This report looks like essential reading for understanding what is going on at the US-Mexico border right now. Thanks to @_gesanchez for sharing this!
The report is based on fieldwork conducted during this past November on 8 regions along the US Mexico border. It involves extensive observations at ports of entry, extensive caselaw analysis and interviews with law enforcement, civil society, government officials and ordinary citizens on both sides of the border.
Our report identifies the existence of a clear, widespread strategy leading most asylum seekers to present themselves at official US ports of entry to initiate their claims, yet being returned for this purpose to Mexican territory under the claim that the US lacks the ability to process them. This has led to significant delays and to the emergence of ad-hoc systems for asylum seekers’ processing coordinated by Mexican civil society, local and state agencies. Despite their good intentions these systems are plagued by insufficient oversight, allegations of corruption and abuse. But most troublingly, we identify increasingly precarious conditions and growing uncertainty among the thousands of people stranded on the Mexican side for the border, and which play a role in their decision to opt for alternative forms of crossing that put their integrity and potential chances to secure asylum relief at risk.
Download the report here: AsylumReport 2018
I just got my copy of Open Borders, edited by Reece Jones. This is a landmark collection of work on open borders and is filled with excellent contributions. I will definitely be teaching from this! You can read my chapter from the book here.
The aim of this chapter is to describe the current possible path toward a world without borders. Rather than provide a speculative vision of what a borderless world might or ought to look like, this chapter begins instead from where we are and, more importantly, what the road ahead will likely look like.
Border control continues to be a highly contested and politically charged subject around the world. This collection of essays challenges reactionary nationalism by making the positive case for the benefits of free movement for countries on both ends of the exchange. Open Borders counters the knee-jerk reaction to build walls and close borders by arguing that there is not a moral, legal, philosophical, or economic case for limiting the movement of human beings at borders. The volume brings together essays by theorists in anthropology, geography, international relations, and other fields who argue for open borders with writings by activists who are working to make safe passage a reality on the ground. It puts forward a clear, concise, and convincing case for a world without movement restrictions at borders.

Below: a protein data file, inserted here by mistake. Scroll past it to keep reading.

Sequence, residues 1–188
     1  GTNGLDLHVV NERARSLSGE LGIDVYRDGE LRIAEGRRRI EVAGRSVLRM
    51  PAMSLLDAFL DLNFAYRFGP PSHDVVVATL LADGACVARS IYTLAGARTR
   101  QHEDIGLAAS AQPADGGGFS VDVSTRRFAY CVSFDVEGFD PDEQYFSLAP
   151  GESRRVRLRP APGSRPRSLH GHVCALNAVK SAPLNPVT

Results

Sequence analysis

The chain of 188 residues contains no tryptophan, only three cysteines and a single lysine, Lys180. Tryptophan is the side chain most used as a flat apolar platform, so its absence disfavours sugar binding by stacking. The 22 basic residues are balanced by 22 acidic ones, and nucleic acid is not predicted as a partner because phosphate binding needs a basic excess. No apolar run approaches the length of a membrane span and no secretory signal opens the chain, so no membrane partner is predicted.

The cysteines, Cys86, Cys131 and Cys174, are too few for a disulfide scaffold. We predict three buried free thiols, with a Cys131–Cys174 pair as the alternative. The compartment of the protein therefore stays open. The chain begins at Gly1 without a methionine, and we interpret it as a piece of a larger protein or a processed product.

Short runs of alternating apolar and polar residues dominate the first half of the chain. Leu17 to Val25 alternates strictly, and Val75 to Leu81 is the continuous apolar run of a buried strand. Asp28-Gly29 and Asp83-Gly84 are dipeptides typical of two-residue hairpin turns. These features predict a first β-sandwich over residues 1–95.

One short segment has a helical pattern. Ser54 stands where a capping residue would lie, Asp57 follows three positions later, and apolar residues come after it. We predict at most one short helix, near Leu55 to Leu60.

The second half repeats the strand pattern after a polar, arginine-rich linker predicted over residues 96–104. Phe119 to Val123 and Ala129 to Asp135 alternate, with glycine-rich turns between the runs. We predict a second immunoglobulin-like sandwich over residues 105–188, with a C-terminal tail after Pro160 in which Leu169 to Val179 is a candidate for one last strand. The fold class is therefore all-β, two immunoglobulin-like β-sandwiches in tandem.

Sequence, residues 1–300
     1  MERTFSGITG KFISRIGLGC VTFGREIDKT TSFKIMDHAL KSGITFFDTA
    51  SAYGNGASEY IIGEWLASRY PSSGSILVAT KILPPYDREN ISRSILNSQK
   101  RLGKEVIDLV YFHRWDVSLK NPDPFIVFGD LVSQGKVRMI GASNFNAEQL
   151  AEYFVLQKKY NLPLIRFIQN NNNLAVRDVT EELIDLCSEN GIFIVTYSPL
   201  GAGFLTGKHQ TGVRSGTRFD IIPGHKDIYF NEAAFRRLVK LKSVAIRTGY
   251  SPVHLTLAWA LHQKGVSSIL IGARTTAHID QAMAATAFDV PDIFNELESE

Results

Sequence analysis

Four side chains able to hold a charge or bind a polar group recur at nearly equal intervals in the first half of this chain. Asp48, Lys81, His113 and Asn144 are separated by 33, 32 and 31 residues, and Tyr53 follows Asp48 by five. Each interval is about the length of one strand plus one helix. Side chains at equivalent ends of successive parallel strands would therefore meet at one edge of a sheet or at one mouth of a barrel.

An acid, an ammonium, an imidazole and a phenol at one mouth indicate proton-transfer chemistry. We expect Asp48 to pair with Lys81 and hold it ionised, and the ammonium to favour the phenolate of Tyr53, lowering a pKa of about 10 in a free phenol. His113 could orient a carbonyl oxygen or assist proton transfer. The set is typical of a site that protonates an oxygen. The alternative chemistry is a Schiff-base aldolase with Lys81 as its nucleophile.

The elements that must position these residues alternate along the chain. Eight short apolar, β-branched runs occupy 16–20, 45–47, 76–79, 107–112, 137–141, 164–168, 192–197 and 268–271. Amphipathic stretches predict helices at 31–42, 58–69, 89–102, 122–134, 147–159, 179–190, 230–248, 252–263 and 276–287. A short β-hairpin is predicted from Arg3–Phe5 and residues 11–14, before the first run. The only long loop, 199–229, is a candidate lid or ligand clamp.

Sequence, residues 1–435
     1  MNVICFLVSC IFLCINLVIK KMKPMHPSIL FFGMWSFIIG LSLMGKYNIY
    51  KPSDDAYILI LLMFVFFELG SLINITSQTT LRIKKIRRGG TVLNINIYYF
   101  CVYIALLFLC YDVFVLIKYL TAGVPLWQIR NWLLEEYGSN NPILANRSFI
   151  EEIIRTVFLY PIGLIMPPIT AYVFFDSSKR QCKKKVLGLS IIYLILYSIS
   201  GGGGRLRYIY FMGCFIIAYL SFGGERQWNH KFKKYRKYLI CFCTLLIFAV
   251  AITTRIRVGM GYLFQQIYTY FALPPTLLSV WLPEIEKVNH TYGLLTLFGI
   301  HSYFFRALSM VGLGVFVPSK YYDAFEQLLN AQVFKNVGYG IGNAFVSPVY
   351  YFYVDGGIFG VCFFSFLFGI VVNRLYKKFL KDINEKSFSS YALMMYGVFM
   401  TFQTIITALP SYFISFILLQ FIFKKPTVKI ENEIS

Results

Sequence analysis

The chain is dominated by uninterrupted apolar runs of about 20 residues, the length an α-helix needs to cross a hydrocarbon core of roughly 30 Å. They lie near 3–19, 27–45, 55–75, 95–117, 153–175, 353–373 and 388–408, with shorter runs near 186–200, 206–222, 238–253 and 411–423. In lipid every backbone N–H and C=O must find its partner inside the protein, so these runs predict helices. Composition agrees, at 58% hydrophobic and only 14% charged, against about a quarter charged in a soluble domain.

The essays in the first part of the volume make a theoretical case for free movement by analyzing philosophical, legal, and moral arguments for opening borders. In doing so, they articulate a sustained critique of the dominant idea that states should favor the rights of their own citizens over the rights of all human beings. The second part sketches out the current situation in the European Union, in states that have erected border walls, in states that have adopted a policy of inclusion such as Germany and Uganda, and elsewhere in the world to demonstrate the consequences of the current regime of movement restrictions at borders. The third part creates a dialogue between theorists and activists, examining the work of Calais Migrant Solidarity, No Borders Morocco, activists in sanctuary cities, and others who contest border restrictions on the ground.
You can buy the book here.
Nice collection forthcoming in Dec 2018.
Urban Political Ecology in the Anthropo-obscene: Interruptions and Possibilities, Erik Swyngedouw & Henrik Ernstson, Eds., Routledge, 2018
This looks like a great paper on the importance of ecological value theory.
Excerpt from “Value, Nature & The Vortex Of Accumulation,” Jason Moore and Richard Walker
Why bother with value theory? When the classical political economists began to deploy a theory of value to understand the economy it was because the generalization of markets meant that commodity prices had come to be regulated by exchange. For the classicals, value was an objective foundation behind the vagaries of prices, and in a pre-industrial era of handicraft or “manufacture,” labour time was the obvious standard determining value. At the same time, however, they were engaged in fierce debates with opposing views of economy, state, and society. In these debates, the theory of value was mobilized as a weapon of social change, which is why it was called political economy (Varney 2012; Farber 2006).
Marx trod in the footsteps of his predecessors.The labour theory of value was the obvious starting point on a long analytic journey to uncover the workings of capital. For Marx, value was not just the basis of price determination, but the key to unlocking the source of profits, class struggle, and capital accumulation. Along the way, he made technical corrections to the classical theory of value to account for the greater complexity of nineteenth-century industrial capitalism (Marx 1977).1 Most of all, he made two great discoveries: how surplus value could arise in a system of equal exchange and how generalized value turned into capital accumulation.